by Kyla Camille | Here’s an amazing place to travel to any time of the year, and is guaranteed to remedy cabin fever.
The downside, though, is oxygen acclimation – It’s pretty high up there. A friend of mine lives in Parker, CO at a little under 6,000 feet. Well, Breckenridge is double, and it still winds my friend. Need more red blood cells, you know.
So, if you are an outdoor enthusiast, don’t let the snow and ice keep you inside. Pack up the truck and head for the mountains.
Colorado is host to a section of the rugged Rocky Mountain Range, with trails and peaks fit for every season and for alpine climbers of every level of expertise.Just 90 miles outside of Denver lies the tallest peak of the Rocky Mountains’ Tenmile range. Nestled in the heart of the White River National Forest is the beautiful and versatile Quandary Peak. At over 14,000 feet, it sounds like an intimidating challenge, suitable only for seasoned climbers. On the contrary, Quandary Peak has trails in the Class 1 to Class 5 range. Whether you just want a vigorous winter hike, or you’re after a challenging alpine trek, Quandary Peak has a trail for you. Just pack some lightweight gear, that climbing carabiner or even a hammock carabiner, and other stuff you need before the trek. Winter is also a popular time for Quandary Peak among experienced backcountry skiers, with snow-packed slopes and constantly changing scenery.
At Tonneau Central, we know that your truck was made for adventure. So, we put together this infographic to help guide your next alpine expedition. Discover which trail offers the winter experience you’re after. If you have trouble viewing the infographic, you can find all of the information in the text below. Happy climbing!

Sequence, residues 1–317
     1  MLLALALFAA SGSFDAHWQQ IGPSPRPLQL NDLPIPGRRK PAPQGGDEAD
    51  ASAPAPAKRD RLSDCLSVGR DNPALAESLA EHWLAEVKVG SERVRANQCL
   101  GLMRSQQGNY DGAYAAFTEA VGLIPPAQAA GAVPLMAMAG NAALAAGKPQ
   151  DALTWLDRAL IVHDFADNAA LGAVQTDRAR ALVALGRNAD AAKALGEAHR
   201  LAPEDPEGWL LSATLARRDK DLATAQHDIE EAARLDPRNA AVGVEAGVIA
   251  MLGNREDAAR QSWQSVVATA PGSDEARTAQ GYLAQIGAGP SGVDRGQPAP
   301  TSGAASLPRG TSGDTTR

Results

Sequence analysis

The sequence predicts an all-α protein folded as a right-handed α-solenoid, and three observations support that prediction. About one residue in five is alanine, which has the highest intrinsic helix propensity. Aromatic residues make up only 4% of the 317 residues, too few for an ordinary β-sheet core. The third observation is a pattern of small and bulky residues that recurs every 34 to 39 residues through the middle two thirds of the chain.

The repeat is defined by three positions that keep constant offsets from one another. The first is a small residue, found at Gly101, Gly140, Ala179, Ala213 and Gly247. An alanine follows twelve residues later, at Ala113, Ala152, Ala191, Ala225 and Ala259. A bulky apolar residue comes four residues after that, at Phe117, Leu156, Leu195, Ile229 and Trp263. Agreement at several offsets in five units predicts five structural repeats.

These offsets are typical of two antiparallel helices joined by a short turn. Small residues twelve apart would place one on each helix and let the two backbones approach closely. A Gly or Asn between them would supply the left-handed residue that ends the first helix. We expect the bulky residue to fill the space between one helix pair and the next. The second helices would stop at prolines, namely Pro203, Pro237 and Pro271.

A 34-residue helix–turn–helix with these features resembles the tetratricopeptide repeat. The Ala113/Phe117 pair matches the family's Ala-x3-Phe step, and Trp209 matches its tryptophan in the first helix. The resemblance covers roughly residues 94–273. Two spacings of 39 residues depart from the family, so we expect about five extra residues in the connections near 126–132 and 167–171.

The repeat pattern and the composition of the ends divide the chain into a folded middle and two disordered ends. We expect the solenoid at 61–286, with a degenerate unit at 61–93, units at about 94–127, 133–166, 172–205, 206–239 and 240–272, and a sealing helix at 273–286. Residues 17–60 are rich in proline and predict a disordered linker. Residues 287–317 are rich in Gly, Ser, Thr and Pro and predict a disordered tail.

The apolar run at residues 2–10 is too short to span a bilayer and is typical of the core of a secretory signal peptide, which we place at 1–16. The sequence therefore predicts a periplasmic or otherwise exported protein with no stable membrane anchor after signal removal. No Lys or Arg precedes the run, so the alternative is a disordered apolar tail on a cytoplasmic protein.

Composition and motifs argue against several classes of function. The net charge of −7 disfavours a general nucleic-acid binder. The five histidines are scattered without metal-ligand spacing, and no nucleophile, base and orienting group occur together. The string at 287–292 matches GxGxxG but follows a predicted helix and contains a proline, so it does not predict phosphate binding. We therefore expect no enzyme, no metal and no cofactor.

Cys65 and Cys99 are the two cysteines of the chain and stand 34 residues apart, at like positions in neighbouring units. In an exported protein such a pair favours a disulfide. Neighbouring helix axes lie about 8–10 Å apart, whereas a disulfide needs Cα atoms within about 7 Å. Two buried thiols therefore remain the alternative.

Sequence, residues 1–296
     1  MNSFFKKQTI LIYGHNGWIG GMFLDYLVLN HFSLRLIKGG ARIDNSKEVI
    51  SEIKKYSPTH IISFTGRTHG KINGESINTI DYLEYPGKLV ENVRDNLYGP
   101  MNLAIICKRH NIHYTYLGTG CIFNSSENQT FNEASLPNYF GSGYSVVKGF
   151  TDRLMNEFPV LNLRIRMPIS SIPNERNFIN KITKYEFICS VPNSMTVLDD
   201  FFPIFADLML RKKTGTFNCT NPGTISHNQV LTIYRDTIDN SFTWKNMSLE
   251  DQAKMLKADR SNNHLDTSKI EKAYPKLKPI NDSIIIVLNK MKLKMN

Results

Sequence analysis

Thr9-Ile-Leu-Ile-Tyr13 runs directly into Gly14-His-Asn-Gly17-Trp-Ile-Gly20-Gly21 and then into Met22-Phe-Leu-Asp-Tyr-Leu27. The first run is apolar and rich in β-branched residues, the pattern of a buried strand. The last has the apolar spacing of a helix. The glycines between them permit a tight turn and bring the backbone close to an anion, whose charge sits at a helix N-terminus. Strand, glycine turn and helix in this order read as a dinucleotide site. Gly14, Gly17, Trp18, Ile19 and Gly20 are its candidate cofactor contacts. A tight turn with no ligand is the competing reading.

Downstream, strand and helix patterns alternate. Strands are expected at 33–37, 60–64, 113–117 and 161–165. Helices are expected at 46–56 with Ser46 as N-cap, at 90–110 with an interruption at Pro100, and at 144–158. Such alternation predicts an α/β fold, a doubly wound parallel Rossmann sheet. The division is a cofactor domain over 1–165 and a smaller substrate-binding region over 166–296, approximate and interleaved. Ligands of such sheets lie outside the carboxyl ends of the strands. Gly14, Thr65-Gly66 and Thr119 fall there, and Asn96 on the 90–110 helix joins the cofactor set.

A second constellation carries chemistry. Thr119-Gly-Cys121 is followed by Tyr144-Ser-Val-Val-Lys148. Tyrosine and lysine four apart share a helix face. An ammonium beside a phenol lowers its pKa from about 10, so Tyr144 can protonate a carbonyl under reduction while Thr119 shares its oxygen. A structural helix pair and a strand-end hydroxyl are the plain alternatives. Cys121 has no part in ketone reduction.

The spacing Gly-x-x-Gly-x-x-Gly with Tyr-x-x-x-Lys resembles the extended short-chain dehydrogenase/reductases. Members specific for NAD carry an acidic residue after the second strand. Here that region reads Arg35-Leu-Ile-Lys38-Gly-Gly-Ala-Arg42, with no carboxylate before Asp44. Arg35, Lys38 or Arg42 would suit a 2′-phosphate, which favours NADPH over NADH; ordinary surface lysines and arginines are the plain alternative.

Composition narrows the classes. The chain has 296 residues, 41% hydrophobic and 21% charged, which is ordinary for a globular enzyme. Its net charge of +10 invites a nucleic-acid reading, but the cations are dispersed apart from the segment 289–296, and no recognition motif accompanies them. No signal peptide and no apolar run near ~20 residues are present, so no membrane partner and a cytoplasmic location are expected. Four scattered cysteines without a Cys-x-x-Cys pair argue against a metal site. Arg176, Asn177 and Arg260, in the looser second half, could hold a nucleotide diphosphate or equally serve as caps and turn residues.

If you’re looking to hit the road and do some adventuring this winter, there are some amazing mountain trails that are perfect for winter climbing right here in the heart of America. Just outside of Breckenridge, Colorado lies the tallest peak in the Tenmile Range of the Rocky Mountains. With winter hiking opportunities for alpine novices and experts alike, Quandary Peak is the perfect place to start off your new year.
WHAT IT OFFERS:
- Trails For Varying Skill Levels
- Backcountry Skiing
- Accessible Year Round
- Backcountry Camping
QUANDARY TRAIL: BEGINNER
If you’re new to winter mountaineering, the Quandary trail is a great place to gain your footing. Along the East Ridge of the peak, this is a very popular Class 1 trail for outdoor enthusiasts of all skill levels.
- 6.75 miles from trailhead to summit
- 3,450 ft. gain
- Trailhead: Quandary Trail
- Intermediate level backcountry skiing
- Dogs permitted
- Snowshoes recommended
TIP: Hiking left could lead you into avalanche terrain. Stay on the ridge for the safest route.
CRISTO COULOIR: INTERMEDIATE
A difficult Class 2 in the summer, Cristo Couloir on the South Gully becomes a whole new beast in the winter. Perfect for experienced backcountry skiers and intermediate snow climbers, be ready for some steep slopes.
- 2 miles from trailhead to summit
- 2,575 ft. gain
- Trailhead: Blue Lakes
- Expert level backcountry skiing
- 2 mile hike to trailhead from parking
TIP: For less snow, stick to the west side. For more of a challenge, head straight up the center of the gully.
WEST RIDGE: EXPERT
Though not as steep of a gain as Cristo Couloir, the west ridge of Quandary Peak has some rough terrain that requires skill and experience, especially in the winter. Come prepared with the right gear and lots of supplies.
- 4 miles from trailhead to summit
- 2,650 ft. gain
- Trailhead: Blue Lakes
- Rope and rack are advised
- Route finding experience needed
TIP: For the safest route, stay off of the South Face of the ridge, which can be avalanche terrain in some conditions.
From Breckenridge, take Colorado Highway 9 to 850 Blue Lakes Road. If going to the Quandary trail, follow 851 McCullough Gulch Road to the trailhead.
Backcountry camping is allowed without permits throughout the White River National Forest. Formal campgrounds are available nearby at Blue Lakes.
[Featured Photo via ngm.nationalgeographic.com]
via by Tonneau Central Support |